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REMIND (Regional Model of Investments and Development) (Marian Leimbach 2010; Luderer et al. 2012; Bauer et al. 2012a; Bauer et al. 2012b; Luderer et al. 2013) is a global multi-regional model incorporating the economy, the climate system, and a detailed representation of the energy sector. It solves for an inter-temporal Pareto optimum in economic and energy investments in each model region, fully accounting for inter-regional trade in goods, energy carriers and emissions allowances. REMIND allows for the analysis of technology options and policy proposals for climate change mitigation. 

The macro-economic core of REMIND in each region is a Ramsey-type optimal growth model, where the inter-temporal welfare of each region is maximized. It is possible to compute the co-operative Pareto-optimal global equilibrium including inter-regional trade as the global social optimum using the Negishi method, or the non-cooperative market solution among regions using the Nash concept. In the absence of non-internalized externalities between regions, these two solutions coincide. The inclusion of inter-regional externalities (in particular technology spillovers ) causes a difference of the market solution and socially optimal solution.  Macro-economic production factors are capital, labor, and final energy. Economic output is used for investments in the macro-economic capital stock as well as consumption, trade, and energy system expenditures.

The macro-economic core and the energy system module are hard-linked via the final energy demand and costs incurred by the energy system (see Bauer et al. (2008) for further details). Economic activity results in demand for final energy such as transport energy, electricity, and non-electric energy for stationary end uses. A production function with constant elasticity of substitution (nested CES production function) determines final energy demand. The energy system module accounts for regional endowments of exhaustible primary energy resources as well as renewable energy potentials. More than 50 technologies are available for the conversion of primary energy into secondary energy carriers as well as for the distribution of secondary energy carriers into final energy.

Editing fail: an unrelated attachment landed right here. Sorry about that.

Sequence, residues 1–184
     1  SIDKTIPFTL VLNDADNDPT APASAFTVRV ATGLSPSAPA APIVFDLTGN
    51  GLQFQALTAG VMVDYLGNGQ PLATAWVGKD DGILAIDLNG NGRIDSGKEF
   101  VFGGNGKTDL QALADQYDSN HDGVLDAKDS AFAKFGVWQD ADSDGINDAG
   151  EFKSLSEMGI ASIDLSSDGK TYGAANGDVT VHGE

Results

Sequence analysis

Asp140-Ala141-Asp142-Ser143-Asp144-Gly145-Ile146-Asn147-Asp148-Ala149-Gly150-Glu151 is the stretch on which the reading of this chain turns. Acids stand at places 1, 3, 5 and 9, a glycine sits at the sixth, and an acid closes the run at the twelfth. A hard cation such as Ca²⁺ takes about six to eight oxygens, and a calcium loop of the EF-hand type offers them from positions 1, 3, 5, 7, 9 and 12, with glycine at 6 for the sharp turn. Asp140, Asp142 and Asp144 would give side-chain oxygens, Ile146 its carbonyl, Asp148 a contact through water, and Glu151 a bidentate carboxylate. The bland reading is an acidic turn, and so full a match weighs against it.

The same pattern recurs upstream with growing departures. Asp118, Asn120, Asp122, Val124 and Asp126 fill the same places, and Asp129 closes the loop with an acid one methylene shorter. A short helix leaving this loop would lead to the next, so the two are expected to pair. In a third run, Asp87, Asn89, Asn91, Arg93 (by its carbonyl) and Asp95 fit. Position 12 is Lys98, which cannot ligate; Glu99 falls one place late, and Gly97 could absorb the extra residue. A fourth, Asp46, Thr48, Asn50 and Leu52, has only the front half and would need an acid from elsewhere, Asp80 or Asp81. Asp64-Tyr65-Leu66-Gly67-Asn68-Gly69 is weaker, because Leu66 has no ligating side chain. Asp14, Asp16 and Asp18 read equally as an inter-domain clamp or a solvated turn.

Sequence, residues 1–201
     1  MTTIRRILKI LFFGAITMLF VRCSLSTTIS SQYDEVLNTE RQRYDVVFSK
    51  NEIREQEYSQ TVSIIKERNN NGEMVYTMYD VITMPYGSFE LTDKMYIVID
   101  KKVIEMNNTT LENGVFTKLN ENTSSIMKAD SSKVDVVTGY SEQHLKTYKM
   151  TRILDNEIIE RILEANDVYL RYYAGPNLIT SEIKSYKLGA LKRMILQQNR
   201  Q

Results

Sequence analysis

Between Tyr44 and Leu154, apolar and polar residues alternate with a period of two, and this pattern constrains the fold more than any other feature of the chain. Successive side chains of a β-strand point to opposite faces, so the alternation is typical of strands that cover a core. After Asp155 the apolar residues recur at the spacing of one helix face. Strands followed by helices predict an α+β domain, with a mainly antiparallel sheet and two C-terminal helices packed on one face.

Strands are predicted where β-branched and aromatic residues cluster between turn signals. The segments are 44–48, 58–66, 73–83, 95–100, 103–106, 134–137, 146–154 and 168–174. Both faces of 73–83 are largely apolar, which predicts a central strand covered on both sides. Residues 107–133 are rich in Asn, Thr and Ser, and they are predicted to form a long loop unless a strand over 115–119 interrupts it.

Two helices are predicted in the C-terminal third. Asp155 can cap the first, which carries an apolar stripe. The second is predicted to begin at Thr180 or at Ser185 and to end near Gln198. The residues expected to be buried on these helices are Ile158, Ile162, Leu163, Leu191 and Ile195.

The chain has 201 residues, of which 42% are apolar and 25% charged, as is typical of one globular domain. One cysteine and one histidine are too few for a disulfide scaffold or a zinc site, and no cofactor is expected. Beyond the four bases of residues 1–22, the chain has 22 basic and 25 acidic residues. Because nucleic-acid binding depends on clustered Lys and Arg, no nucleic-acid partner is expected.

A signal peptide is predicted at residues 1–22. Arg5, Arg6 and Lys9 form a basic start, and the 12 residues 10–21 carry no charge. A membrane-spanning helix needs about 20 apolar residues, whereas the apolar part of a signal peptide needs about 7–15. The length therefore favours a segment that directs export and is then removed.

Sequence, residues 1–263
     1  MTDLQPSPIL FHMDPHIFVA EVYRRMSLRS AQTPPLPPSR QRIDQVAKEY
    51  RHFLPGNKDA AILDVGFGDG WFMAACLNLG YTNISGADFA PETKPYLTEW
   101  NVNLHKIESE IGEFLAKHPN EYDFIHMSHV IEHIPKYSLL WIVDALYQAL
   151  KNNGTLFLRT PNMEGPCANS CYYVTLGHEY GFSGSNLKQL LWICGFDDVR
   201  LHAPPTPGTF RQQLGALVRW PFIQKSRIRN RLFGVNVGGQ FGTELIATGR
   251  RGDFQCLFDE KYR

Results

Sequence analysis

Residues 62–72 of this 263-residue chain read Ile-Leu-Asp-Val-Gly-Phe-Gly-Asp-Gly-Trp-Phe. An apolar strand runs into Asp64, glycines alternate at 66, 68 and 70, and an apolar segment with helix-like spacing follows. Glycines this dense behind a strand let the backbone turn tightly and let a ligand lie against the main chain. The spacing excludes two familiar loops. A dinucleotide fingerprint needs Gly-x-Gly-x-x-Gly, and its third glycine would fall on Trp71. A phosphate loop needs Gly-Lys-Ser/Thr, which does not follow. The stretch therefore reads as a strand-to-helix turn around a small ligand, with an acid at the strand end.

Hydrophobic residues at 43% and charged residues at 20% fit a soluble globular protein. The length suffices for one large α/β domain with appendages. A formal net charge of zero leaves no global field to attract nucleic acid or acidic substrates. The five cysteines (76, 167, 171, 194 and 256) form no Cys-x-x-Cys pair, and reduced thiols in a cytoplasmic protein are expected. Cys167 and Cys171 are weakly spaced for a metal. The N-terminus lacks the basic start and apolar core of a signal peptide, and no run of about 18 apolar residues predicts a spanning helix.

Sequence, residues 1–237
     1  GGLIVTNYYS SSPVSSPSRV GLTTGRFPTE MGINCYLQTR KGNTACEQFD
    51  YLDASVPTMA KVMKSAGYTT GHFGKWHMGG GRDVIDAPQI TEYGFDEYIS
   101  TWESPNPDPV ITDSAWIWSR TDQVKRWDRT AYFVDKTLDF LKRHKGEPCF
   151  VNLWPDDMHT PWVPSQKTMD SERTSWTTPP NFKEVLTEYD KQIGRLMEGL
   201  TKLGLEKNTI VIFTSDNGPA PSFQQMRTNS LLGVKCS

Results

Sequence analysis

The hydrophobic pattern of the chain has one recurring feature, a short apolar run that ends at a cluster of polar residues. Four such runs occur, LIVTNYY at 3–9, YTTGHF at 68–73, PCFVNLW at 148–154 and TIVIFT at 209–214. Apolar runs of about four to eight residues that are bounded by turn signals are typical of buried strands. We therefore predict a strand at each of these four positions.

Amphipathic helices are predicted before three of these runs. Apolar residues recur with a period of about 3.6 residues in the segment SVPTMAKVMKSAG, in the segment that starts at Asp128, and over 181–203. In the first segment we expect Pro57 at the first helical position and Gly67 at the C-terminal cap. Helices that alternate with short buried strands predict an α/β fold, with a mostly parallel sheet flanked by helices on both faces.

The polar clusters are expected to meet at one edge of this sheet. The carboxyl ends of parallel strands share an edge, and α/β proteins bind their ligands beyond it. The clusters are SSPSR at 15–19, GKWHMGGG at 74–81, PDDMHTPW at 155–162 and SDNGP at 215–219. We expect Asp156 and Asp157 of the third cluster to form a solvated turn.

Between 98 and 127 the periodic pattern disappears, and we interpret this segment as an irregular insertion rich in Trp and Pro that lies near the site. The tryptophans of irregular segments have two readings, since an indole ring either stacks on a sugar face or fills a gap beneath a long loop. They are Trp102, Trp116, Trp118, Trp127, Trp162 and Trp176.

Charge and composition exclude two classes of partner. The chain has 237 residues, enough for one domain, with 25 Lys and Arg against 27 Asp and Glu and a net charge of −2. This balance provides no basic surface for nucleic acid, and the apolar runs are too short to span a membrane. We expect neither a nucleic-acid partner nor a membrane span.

The model accounts for CO2 emissions from fossil fuel combustion and land use as well as emissions from other greenhouse gases (GHGs). REMIND determines non-CO2 GHG emissions The latter are by applying marginal abatement costs curves to emission baselines that depend on activity variables or by assuming exogenous scenarios. For numerical reasons, we use a reduced-form climate module, which is calibrated to the MAGICC-6 model (Meinshausen et al. 2011a), to translate emissions into changes in atmospheric GHG concentrations, radiative forcing, and global mean temperature. For a more detailed evaluation, the model can be linked to the full MAGICC-6 climate model in an ex-post mode.

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